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'What genre would Shakespeare be? His works contain horror, history, myth, fantasy, ghosts, crime. Dickens, too. I always have a Dickens on the go, and dip in just as I would a giant bag of pick and mix. I want a novel to have it all; why not?'
Reading. Breathing. No TV, just books, just us. In those few days, I fell in love with Agatha Christie and all things murder mystery. It’s something that’s stayed with me all my life. It’s my go-to literature for relaxing. The thing that connects me to my dad.
'Barbara Pym's renaissance was sparked in 1977 in the TLS when both Lord Cecil and Philip Larkin claimed her as ‘the most underrated novelist of the century’. Her books were republished, and, joy of joys, she was shortlisted for the Booker Prize.'

Alexandra Benedict speaks with Doug Johnstone about writing fiction and audio drama in the Doctor Who universe, co-writing works such as the Lovecraft-themed audio drama Arkham County with her partner Guy, and her sometimes stress-inducing habit of having many writing projects on the go simultaneously.

Jeremy Treglown considers the allure of working with historical archives and shares some literary anecdotes from a lifetime of documentary research.
Ruth Dugdall visits some famous writing spaces – from J. K. Rowling’s Edinburgh café to Dylan Thomas’s shed – and asks what a writer’s chosen workplace can reveal about their life and art.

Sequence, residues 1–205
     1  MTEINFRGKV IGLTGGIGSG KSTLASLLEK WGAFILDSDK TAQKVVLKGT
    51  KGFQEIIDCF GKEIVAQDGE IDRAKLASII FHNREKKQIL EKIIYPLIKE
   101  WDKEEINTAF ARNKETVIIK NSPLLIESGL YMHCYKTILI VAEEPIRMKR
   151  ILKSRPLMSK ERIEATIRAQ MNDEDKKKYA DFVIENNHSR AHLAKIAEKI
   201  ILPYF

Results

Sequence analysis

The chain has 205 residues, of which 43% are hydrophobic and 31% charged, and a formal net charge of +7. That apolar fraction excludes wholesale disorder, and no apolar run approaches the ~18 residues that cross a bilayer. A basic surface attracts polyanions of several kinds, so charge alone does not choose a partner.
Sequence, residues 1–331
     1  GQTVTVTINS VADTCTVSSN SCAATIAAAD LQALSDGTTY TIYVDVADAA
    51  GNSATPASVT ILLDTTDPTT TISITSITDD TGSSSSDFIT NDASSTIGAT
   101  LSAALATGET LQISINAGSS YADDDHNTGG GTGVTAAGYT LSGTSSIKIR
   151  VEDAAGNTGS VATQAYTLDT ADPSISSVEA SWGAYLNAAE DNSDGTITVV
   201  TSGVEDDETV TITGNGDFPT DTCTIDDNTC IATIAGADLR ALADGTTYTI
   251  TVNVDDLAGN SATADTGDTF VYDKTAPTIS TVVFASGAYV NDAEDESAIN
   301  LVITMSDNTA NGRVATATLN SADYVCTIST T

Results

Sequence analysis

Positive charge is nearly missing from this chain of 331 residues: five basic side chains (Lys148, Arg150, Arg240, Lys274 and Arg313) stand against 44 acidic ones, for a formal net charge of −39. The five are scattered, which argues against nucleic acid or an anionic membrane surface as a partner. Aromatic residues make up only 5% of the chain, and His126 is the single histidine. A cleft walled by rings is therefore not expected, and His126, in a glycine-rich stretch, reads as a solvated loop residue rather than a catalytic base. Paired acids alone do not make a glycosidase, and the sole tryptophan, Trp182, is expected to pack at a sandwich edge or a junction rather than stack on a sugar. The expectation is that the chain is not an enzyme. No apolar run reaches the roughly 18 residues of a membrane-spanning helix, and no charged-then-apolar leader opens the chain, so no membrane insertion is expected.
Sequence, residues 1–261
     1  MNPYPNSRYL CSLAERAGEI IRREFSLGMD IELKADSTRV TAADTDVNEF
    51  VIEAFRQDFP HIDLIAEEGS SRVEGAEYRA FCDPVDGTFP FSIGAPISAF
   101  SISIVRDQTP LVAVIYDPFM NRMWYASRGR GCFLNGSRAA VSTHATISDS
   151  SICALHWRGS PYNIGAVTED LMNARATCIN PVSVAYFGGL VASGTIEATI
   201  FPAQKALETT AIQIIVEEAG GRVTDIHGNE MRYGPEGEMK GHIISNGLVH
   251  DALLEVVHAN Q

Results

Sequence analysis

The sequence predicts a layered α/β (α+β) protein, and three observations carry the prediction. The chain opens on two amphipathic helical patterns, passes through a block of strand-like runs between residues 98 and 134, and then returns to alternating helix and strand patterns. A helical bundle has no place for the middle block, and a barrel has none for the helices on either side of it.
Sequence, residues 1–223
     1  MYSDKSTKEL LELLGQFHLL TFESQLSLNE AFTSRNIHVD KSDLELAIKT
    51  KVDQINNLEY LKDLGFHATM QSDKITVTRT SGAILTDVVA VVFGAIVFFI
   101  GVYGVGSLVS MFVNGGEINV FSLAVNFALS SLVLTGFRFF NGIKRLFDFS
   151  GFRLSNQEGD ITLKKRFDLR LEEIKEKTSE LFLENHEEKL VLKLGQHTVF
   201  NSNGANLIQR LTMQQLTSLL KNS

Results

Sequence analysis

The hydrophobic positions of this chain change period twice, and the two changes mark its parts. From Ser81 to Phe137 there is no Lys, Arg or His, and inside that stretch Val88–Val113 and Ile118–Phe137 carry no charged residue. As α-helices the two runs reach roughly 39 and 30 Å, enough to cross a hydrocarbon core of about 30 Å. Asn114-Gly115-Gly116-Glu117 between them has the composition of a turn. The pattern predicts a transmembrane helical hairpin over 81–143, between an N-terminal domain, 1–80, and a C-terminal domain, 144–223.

Bethan Roberts yearns for Anglesey, a place of family history, childhood holidays and a beautiful, mysterious family language.

Morgen Witzel explores the moods of Dartmoor, and surveys the many writers, including himself, who have been inspired by its solitude.

Rebecca Goss looks up at the skies she's lived beneath, and considers how they've shaped her writing from above.

'Occasionally acceptance comes first time, but more usually when a published piece appears, it will have a string of rejections trailing visibly behind it like a comet's tail. Students need to learn that this is simply part of the process of getting published.'
'A soundtrack switches on and off, relentlessly searching for words to describe my sensations. This inner monologue accompanies me throughout my daily life, storing up ideas for me to draw on when I'm working on a book.'
'What Agatha Christie knew deep down, is that not only is the writer an outsider, but that the act of telling a story requires that outsider-ness to be part of the narration. The classic detective story tends to rely upon the central detective being outside.'
'I feel lucky to live in this era of an extraordinary range of readily available texts. I use the word 'read' loosely, often 'dip into' might better describe it, but when I'm enthralled, I can still stay up most of the night reading.'
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